If you are starting with Google, look at what they have to offer. You want Google to help you promote your business, why not take a look at what other services & products they have to offer. Is it possible that part of the secret to Google's mysterious algorithm could lie in networking their own products & services? Does it make sense that a company would set out to make their products and services work in concert with others in the same company?

Do you want Google to work for you? Try expanding your knowledge of what they have to offer. I found over 101+ different products & services with a simple search. Google is the most popular search engine on the Web. There is a vast array of great products to discover, from Adsense, Analytics, Places, Maps, Android, Google+, Mail, Docs & my favorite new product, Waze (a great new traffic and navigation tool).

Google+ is catching on slowly but surely. It's a great place to share information. Linking your publications, website & posts on Google+ & actively sharing, can only help with your SEO optimization.My home staging business in San Diego took off when I worked on developing better content on my website, defined our brand & niche market, and became active on social media sites. I began to post on my blog, shared posts, & published articles with original content that I thought would be of interest to our potential clients.

I've shared everything from staging photos to nature photos to gorgeous travel shots, just to lighten things up once in awhile!

As San Diego home stagers we love to incorporate fresh flowers in our staging! IMG 3334

If you've ever investigated SEO optimization you've probably come across the concept of content marketing. If you are familiar with the term, you might have noticed that all of the descriptions I used earlier on classic good business practices (providing a quality product, information that is valuable, relevant, consistent, reliable, customer-focused, and original), also fall into the most common definition of content marketing.

A lightbulb went off when I finally realized what "content marketing" was all about! When you focus on providing a quality product backed by quality information that is focused on your potential customer's needs and answers their questions, those are the things that a search engine wants to come up when someone sits down at their computer & asks a question. They don't want a bunch of empty content, blatant advertisements, spam, high-pressure sales techniques or inaccurate information.

It seems to be working.

The irony is that while it works today, things change so quickly in our technology-driven world that this could all be obsolete tomorrow & our ranking could crash and burn - and if that's the case, it means it's time to hang it all up & book that vacation to the Seychelles!

Flexibility may be the key to increasing profits!

Posted on April 18, 2014 at 1:11 AM Comments comments (176)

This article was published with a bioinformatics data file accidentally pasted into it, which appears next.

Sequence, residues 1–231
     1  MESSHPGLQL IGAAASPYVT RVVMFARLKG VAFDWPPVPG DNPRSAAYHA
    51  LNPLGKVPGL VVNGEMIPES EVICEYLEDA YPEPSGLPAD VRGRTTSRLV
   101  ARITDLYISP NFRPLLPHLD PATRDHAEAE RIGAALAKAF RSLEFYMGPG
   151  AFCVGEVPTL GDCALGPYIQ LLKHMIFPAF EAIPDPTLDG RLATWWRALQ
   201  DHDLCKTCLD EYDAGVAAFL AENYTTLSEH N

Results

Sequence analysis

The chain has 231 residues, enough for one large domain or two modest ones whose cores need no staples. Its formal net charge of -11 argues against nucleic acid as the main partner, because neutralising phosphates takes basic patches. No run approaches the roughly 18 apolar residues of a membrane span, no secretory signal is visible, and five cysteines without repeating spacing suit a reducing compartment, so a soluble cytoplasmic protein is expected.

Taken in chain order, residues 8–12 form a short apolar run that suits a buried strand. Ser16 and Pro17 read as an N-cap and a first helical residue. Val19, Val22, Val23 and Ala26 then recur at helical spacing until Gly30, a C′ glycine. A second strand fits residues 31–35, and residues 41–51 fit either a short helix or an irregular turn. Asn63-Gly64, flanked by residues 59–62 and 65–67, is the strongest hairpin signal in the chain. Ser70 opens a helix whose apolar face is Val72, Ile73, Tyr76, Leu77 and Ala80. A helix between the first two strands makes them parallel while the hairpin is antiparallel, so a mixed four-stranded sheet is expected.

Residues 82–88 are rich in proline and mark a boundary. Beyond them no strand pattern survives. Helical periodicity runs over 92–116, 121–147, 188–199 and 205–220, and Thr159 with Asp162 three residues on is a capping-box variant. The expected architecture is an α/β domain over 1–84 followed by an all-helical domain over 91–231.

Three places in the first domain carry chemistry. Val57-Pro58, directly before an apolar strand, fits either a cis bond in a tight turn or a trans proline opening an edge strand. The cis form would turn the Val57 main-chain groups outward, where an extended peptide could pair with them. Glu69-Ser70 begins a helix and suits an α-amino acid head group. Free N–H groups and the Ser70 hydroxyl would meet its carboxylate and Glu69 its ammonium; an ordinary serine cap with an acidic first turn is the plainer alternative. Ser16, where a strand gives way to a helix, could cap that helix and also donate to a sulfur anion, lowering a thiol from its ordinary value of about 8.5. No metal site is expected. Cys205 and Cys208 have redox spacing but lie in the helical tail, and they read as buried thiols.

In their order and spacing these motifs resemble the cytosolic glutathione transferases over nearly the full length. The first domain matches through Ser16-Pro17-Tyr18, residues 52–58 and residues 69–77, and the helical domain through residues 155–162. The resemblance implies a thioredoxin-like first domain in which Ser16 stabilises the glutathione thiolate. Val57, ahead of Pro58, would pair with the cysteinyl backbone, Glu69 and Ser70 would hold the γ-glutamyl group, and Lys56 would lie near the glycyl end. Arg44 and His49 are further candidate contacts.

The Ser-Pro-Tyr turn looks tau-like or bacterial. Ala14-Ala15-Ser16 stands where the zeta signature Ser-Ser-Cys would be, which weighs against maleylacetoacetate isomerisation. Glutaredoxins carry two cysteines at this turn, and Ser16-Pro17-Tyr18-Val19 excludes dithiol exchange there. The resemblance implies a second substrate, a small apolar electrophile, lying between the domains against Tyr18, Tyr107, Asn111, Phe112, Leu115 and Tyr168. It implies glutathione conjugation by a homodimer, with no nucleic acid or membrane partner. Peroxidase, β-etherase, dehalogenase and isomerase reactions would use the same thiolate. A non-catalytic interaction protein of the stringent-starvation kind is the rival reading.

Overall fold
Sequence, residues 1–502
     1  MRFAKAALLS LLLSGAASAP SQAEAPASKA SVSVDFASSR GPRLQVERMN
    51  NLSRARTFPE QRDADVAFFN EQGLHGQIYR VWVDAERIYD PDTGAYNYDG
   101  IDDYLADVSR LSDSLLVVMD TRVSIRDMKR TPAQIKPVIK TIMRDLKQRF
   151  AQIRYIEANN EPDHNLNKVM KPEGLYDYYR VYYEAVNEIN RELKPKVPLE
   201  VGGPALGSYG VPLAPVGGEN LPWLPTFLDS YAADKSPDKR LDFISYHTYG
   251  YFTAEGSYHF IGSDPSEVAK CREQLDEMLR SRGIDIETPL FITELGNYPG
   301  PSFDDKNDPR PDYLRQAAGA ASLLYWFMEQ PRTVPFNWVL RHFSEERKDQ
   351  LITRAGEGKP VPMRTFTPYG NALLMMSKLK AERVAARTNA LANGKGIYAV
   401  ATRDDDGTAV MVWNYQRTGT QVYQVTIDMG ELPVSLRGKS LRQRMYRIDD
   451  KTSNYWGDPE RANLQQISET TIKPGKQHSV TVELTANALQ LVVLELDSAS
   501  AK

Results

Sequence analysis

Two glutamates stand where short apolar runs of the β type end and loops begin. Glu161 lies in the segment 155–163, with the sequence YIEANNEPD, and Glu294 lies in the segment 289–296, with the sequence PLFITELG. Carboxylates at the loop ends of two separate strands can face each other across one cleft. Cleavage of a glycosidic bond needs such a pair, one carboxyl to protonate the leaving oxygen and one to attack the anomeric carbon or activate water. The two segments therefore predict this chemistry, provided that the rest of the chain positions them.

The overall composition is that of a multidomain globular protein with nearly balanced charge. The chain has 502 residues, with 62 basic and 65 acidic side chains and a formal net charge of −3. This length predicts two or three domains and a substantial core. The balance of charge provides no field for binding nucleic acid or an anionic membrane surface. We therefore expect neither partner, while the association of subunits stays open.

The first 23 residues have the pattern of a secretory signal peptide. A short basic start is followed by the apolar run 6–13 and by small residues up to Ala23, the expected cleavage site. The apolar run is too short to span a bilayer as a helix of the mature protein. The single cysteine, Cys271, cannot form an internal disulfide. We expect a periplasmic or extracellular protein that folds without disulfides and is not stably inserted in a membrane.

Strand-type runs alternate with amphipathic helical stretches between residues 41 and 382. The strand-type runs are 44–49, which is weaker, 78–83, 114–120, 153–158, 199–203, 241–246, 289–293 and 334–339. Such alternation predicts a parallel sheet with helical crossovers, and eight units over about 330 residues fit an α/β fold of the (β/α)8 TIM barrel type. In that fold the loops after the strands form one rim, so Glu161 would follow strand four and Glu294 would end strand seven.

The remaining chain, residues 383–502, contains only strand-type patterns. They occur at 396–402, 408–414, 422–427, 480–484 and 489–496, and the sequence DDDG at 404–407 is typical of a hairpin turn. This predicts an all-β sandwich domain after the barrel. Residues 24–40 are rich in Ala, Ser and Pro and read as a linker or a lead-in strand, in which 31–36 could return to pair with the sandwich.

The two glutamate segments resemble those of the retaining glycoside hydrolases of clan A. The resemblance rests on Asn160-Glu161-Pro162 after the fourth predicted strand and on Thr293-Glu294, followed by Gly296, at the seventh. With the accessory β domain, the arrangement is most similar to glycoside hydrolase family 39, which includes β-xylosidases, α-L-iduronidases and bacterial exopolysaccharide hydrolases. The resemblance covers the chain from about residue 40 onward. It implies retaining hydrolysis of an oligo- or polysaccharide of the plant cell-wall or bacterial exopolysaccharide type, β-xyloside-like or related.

Building your home staging business
Do you want to increase profits? It’s all about being flexible and keeping an open mind:
Flexibility & the ability to adapt & make changes is key when it comes to running a business & seeing a profit.
I am in the business of home staging. We have a business plan and model that we are constantly revising to adapt to changing circumstances & things we are learning.  I am constantly challenged, even with two decades of owning my own businesses.
Today’s business owners need to be savvy on multiple fronts: internet marketing, social media marketing & continual changes to the sites we are all learning to use. This is a different business world than the one I first met two decades ago.
But the overall principles for success in business have not really changed.  The underlying tenets to creating a successful business are the same, but how we go about it & the tools we need to master are different.
Thinking like an entrepreneur requires a basic skill set.  You can find dozens of articles on what it takes to become a successful entrepreneur. Almost every list includes having a passion for your business, tenacity, vision, the ability to take risks, break rules & learn from setbacks.
What does it take to move from that basic skill set and turn an idea into a successful business? Of all the traits I have seen listed, I believe flexibility and adaptability are the most important. It is the same for the survival of any organism.
Success in business is founded on adaptability and the ability to assess where you are & make necessary changes.  That takes an open mind.  It means being able to make an honest appraisal of what is working and what is not.
You may need to consider questioning the belief that you are ever finished with creating your business model.  There is a fine line between finding what works and staying with that & being able to see when circumstances have changed & when you need to adapt to move on.